Explorers Find World's Biggest Underwater Cave In Mexico - And The Photos Are Incredible

Two smaller caves, already known, were found to be connected. Now, experts think this is the largest single underwater cave in the world (not pictured). melissaaf84/Shutterstock

Robin Andrews 17 Jan 2018, 16:42

Mexico’s Yucatan Peninsula is infamous for being a geological ground zero, the site wherein a massive asteroid collided with Earth, cracked the crust, sent plumes of debris 20 kilometers (12.4 miles) up into the atmosphere, and brought about rapid climate change that ended the age of the dinosaurs.

That’s not the only geological treasure hiding in the region, though. The area conceals colossal cenotes (sinkholes) and flooded caves – and now, according to a report by Reuters, explorers have now discovered what is thought to be the world’s most expansive flooded cave system.

Originally thought to be two different caves – the Dos Ojos (“two eyes”) and the Sac Actun (“white cave”) divers have found that they are in fact connected. It’s now one, 347-kilometer (216-mile) cave; a labyrinth of channels and passageways that have remained a secret for millions of years.

The project was spearheaded by the Gran Acuifero Maya (GAM) initiative, in which researchers hope to map out as much of the subsurface of the peninsula as they can.

“This [discovery] turns Sac Actun into the largest submerged cave in the world,” the pioneering explorers announced in a recent blog post. They explain that although this particular phase of the project began in 2017, Robert Schmittner, the exploration director of GAM, has been seeking this connection between the caves for 14 years.

As the name of the project suggests, the caves and cenotes have a connection to the long-lost Maya civilization, which had dominion over the region for several centuries.

Proyecto GAM

Such aesthetically beautiful features would have indubitably made a huge impression on the Maya. Indeed, it appears that they built at least some of their temples over them. One, dedicated to a feathered serpent deity, was recently found to be connected – via the bone-filled ossuary – to a cenote, which was partially blocked off. It’s like a waterlogged passage to the underworld.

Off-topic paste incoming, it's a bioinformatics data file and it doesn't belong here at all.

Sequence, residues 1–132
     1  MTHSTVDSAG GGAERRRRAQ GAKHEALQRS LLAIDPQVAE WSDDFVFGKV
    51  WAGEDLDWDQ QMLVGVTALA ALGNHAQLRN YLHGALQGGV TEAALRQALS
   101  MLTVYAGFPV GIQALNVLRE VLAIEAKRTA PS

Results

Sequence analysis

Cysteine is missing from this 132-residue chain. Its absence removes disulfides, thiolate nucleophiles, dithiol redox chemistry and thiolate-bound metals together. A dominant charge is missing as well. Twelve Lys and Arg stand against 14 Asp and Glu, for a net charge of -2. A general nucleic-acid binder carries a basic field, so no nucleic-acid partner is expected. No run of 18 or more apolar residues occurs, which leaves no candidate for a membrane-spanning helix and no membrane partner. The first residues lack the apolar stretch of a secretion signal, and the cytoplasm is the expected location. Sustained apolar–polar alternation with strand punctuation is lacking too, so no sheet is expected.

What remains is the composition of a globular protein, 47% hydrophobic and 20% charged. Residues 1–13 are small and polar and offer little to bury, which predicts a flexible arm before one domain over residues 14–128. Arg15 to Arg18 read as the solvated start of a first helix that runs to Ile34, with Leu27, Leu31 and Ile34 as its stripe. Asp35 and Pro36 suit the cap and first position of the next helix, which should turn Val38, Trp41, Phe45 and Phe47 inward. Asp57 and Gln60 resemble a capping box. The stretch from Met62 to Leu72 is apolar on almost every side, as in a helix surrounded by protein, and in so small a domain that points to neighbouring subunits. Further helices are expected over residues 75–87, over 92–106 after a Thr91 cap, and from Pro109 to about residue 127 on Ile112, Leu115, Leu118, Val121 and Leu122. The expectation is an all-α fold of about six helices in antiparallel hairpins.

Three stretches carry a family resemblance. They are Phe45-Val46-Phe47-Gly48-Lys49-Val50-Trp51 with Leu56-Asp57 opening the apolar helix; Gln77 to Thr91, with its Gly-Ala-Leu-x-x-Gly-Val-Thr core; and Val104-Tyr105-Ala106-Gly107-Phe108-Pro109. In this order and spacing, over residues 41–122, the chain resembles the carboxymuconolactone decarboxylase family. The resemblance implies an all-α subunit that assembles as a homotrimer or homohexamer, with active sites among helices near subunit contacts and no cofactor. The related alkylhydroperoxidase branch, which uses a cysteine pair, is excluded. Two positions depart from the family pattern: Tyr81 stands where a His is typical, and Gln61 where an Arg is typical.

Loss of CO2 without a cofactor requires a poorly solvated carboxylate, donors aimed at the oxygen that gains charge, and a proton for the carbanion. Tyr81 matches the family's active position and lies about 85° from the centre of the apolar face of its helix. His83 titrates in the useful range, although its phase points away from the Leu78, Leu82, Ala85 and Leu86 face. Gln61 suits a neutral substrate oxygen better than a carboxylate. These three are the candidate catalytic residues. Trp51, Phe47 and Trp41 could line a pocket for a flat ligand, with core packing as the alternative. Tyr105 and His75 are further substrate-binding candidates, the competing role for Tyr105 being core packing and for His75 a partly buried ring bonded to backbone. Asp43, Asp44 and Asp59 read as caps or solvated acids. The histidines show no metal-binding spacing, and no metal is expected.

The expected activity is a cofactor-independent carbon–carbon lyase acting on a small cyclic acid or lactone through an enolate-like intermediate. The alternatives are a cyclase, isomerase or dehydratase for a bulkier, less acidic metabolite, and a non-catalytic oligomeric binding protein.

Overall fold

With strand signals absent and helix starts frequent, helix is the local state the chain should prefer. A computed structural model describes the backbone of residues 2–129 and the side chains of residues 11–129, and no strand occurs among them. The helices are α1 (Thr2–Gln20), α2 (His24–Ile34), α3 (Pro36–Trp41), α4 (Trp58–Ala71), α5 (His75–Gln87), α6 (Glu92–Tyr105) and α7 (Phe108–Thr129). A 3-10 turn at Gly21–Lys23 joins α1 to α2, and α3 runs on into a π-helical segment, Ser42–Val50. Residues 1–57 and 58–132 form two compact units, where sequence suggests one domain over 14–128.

These cave systems can be found all over the world, when the conditions are right for them to form. Plenty are rapidly becoming tourist hotspots, but others remain tantalizingly unexplored.

Proyecto GAM

The Ox Bel Ha cave network, another marvel concealed along and beneath the Yucatan Peninsula – and the previous title-holder – was recently found to contain an ecosystem dominated by methane: from bacteria to shrimps, natural gas dominates the diets of many of the critters down there.

As is becoming increasingly obvious, the Yucatan Peninsula is a veritable goldmine of these sinkholes and soaked mazes; the rim of the Chicxulub impact crater is particularly packed.

The bedrock here is comprised of thick limestone, a rock that gives way to erosion more easily than most, particularly when the water is acidic. This calcareous platform formed 66 million years ago when life within a shallow sea died off and was ultimately lithified. Eventually, this huge, porous, limestone platform began to be eroded by the somewhat acidic rainfall, which ate away at the underlying rock, forming these underwater caves.

The sea levels eventually dropped, which caused parts of the limestone roof to collapse in on themselves, giving us cenotes. The sea levels then eventually rose again, and the caves flooded.

“This huge cave represents the most important submerged archaeological site in the world,” Guillermo de Anda, researcher at the National Institute of Anthropology and History and director of the GAM, added.

Herbert Meyrl/GAM

Apart from the wealth of archaeological artifacts hidden within the caves, he also explains that this giant cave “gives rise to and supports a great biodiversity.”

“Now everyone's job is to conserve it,” Schmittner concludes.

There are anywhere between 2,000 and 6,000 cenotes on the peninsula. Sergey Novikov/Shutterstock

 

Comments

If you liked this story, you'll love these

This website uses cookies

This website uses cookies to improve user experience. By continuing to use our website you consent to all cookies in accordance with our cookie policy.